June 21, 2012

Alliance Boots boss Pessina talks Walgreens

Stefano Pessina, Executive Chairman Alliance Boots (photo: Alliance Boots)
Stefano Pessina: "This deal, creating a global company, has never been done before"
The $6.7bn cash and stock deal between Walgreen Co and Alliance Boots, announced on Tuesday, is one that simply had to happen.

Pending regulatory approval, the leading US drugstore chain will gain a 45 per cent stake in the UK's foremost pharmaceutical-based retailer as per September 1.

Stefano Pessina, co-owner and Executive Chairman of Alliance Boots, is the born dealmaker, and the billionaire Italian has never made any bones about his wish to create the world's largest health & beauty company.

Also, whatever official noises may be made by both parties to the contrary, Pessina was probably under pressure to at least offer co-investor KKR a medium-term exit option.

Despite the obvious efficiency and synergy increases Pessina has achieved at Alliance Boots, the fact remains that the joint-venture was entered into at the top of a market.

Unluckily, the resultant debt mountain has to be repaid through a world banking crisis, the worst UK recession in living memory, and a Europe in economic turmoil.

Increased exposure to Europe
 
Should Walgreens gain full control of Alliance Boots via the second tranche of the deal to be completed in three years' time, one media source computes that KKR could realise more than double its original stake. This would reduce KKR's exposure to troublesome Europe while drastically increasing that of Walgreens.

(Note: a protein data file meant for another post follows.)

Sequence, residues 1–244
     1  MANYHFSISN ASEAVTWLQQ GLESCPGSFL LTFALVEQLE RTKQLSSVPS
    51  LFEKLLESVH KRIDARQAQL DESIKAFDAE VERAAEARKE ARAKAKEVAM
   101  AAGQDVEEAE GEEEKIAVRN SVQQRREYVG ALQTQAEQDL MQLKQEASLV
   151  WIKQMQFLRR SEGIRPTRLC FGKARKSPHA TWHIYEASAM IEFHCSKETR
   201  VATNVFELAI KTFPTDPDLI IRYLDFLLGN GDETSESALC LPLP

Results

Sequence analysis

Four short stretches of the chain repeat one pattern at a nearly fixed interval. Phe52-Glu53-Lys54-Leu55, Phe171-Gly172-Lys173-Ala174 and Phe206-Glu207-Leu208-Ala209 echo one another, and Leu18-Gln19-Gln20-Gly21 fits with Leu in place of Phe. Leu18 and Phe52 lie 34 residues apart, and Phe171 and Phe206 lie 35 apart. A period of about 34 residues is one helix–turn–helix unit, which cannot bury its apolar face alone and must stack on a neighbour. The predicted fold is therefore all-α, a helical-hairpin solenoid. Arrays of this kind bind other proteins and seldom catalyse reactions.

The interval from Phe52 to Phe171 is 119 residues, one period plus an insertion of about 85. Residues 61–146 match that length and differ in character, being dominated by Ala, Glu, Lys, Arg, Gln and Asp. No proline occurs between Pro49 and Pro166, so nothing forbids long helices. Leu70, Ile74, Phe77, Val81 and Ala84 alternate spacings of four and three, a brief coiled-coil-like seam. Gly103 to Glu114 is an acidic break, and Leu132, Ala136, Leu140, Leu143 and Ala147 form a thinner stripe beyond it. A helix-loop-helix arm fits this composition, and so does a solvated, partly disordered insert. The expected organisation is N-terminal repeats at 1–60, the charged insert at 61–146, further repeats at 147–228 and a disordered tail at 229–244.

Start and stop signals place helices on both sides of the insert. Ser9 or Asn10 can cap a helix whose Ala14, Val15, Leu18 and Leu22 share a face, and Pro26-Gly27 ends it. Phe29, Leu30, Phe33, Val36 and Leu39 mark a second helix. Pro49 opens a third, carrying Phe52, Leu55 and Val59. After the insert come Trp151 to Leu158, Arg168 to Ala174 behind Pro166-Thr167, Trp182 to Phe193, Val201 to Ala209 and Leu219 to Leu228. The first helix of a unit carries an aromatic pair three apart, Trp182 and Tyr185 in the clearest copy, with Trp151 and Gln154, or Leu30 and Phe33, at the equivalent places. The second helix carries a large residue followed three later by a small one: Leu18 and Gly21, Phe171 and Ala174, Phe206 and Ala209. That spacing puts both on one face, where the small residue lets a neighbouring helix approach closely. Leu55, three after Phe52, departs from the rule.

A number of questions remain: Given the underwhelming nature of many Walgreens stores in the US, is this expensive deal really going to help the company restore declining same-store sales on its home market?

Also, will the deal plunge both companies into ungovernable complexity? After all, the statistics are against it working (think Daimler-Chrysler). Already Alliance Boots is a vast and complex organisation whose current stature is primarily the result of big mergers and takeovers.

It is easy for senior executives to add figures together at the top, but who is prepared to do the dirty work, roll up their sleeves, and make far-flung business empires function in a customer-centric and employee-friendly way?

Finally, given Mr. Pessina's propensity for mega deals, when will he make his next big global move?

INTERVIEW

Mr. Pessina, with the Walgreens deal, you have achieved your goal of creating the world's leading drugstore and pharmacy company. What does this mean to you?

I am very excited about what we have announced -- something new, that nobody has done before. I have been saying for a long time that the healthcare industry needs a global player, and working for a long time to find the right partner to make this vision a reality.

Greg Wasson, CEO of Walgreens, and I share the belief that creating world’s first pharmacy-led health and wellbeing group is the best for the industry as a whole, as well as for our own stakeholders. It will allow us to have breadth, scale and capability to address the changing needs of patients, suppliers, pharmacists and manufacturers all over the world.

We will benefit from further development in our existing markets, but also and especially from becoming the new model, the new point of reference in new and emerging markets as they develop.

How many shares did you sell to Walgreens and how many do you still have?

Walgreens is investing $6.7bn in cash and stock now, to acquire a 45 per cent equity interest in Alliance Boots. Then, in around 3 years’ time, they have the option to proceed to a full combination and acquire the remaining 55 per cent. Since they are paying in cash and shares, and I am taking only shares, I will become their largest shareholder.